Saw this group from the latest issue of Garden Railways.
I have an interest in primarily 1:20.3 narrow guage but have always
had a lot of fascination with traction. In certain respects I guess
that is not all that far off as many traction lines as I understand
the technical term were less then standard guage also.
However, one particularly fascinating branch to me was the Pacific
Railways 3ft electrified branch lines.
Right now, I have nothing under wire and am just starting to think
about taking a bit of what I have currently. One live steamer and a
few brass and wood narrow guage cars for use into a small gardern
One thing that caught my eye was the Light Railways proposed wooden
steeple cab locomotive kit and the Fall River wooden freight and
proposed Carter passenger car kits.
- Hi Lara, and welcome to the group.
Many of us model using a scale of 1:24 so in effect the trains are
running on 'narrow gauge' relative to the body proportions. (I know
you guys, everything including 1:29 and 1:32 are also done by one or
more of our members)
Back to the thread -
Denver had 3 foot gauge trolleys (where else but Colorado) and Los
Angeles was a large narrow gauge system. [Hmm - is "large narrow" an
oxymoron or just an odd combination of wording?] East of the
Mississippi there were a variety (you might say a 'WIDE' variety) of
broad gauge trolley systems. Some of these were dictated by city
franchise requirements where they hoped to block the possibilty of the
system being bought or controlled by a steam road with the result of
freight trains running down city streets.
- At 10:26 AM +0000 5/6/03, trolleycar68 wrote:
>Hi Lara, and welcome to the group.. . . . snip . . . Back to the thread -A "narrow" correction here, Bob: both Denver and Los Angeles were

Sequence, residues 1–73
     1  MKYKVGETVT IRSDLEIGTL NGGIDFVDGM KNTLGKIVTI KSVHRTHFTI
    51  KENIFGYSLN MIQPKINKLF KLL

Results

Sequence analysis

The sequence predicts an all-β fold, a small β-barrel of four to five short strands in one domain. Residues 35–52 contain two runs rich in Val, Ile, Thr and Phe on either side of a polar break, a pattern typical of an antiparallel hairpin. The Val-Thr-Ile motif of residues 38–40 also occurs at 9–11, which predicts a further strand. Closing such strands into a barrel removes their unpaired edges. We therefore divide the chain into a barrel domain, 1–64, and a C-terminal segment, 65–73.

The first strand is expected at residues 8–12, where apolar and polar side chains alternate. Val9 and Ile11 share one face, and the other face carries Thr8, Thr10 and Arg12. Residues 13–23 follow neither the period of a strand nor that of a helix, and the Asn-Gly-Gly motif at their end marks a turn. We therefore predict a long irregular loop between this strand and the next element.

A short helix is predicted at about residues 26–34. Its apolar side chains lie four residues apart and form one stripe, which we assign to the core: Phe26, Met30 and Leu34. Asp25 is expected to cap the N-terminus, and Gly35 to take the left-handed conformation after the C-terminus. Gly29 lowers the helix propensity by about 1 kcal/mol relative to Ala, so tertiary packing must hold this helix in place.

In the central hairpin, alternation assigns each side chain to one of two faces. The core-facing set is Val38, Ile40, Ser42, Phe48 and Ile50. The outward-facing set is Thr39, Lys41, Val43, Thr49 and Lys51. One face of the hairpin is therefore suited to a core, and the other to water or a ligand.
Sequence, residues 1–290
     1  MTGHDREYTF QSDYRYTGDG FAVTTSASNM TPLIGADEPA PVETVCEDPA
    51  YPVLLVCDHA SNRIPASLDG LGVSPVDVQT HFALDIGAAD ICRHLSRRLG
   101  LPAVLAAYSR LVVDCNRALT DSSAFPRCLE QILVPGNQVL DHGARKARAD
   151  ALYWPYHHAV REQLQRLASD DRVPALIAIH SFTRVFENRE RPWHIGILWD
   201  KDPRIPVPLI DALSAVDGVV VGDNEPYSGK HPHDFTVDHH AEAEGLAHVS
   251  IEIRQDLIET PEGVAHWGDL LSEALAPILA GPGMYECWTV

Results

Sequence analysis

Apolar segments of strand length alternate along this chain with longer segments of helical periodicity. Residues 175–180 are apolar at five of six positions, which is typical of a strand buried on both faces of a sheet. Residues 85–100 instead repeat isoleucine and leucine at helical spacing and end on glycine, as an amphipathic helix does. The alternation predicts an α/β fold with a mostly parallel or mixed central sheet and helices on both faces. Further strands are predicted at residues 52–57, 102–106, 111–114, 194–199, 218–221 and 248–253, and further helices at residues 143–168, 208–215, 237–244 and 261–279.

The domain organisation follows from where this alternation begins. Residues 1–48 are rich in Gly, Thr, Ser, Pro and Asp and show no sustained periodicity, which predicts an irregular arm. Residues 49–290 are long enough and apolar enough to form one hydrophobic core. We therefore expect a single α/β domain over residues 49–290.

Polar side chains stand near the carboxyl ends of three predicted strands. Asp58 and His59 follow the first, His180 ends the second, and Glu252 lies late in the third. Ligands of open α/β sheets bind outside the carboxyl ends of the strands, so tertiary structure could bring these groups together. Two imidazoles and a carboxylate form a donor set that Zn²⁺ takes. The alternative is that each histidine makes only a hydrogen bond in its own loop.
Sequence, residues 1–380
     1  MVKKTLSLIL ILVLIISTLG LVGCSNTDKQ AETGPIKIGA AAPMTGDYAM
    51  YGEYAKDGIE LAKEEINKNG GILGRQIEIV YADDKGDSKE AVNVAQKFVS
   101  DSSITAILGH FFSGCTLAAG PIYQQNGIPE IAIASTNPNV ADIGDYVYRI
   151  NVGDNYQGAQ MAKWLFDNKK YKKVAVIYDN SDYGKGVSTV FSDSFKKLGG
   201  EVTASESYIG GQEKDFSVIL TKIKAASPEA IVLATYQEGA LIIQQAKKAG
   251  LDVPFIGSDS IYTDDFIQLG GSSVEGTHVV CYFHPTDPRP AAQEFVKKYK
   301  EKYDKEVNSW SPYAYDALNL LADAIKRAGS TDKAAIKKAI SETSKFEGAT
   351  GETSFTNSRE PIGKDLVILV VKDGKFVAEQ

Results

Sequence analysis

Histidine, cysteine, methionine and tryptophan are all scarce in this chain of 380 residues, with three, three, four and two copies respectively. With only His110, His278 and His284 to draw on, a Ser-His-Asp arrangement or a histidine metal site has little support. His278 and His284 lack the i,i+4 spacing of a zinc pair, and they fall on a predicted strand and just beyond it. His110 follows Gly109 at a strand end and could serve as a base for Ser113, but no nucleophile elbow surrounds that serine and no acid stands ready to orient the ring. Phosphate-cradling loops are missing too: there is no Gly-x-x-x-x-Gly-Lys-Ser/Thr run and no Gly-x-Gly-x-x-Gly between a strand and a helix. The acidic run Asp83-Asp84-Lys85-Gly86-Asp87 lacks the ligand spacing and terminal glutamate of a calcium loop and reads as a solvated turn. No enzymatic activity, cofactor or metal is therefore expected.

>Denver had 3 foot gauge trolleys (where else but Colorado) and Los
>Angeles was a large narrow gauge system.
3'6" gauge, probably due to the reason you put forth. Along with their
city system, Denver Tramways operated a narrow-gauge interurban line,
the Denver & Northwestern as well as a standard gauge interurban line
westward to Golden, the Denver & Intermountain.
> . . . . snip . . . East of the Mississippi there were a variety (you might<groan!> On that subject: when we visited Baltimore several years ago,
>say a 'WIDE' variety) of broad gauge trolley systems.
we visited the Streetcar Museum and learned that the new light rail
system is known by museum folk as "the narrow gauge."
. . . Jan
- Denver & Los Angeles were NOT 3', but rather 3' 6" (42") gauge.
Pueblo, Colorado and San Antonio, Texas were 4' (48") just to confuse things.
Guilty as charged on the Denver gauge mistake. I should know better,
too. I guess I could always claim I typed it correctly and the
keystrokes did not take the 6 inch part, but that would not be
strictly accurate. Glad you enhjoyed the WIDE gauge pun.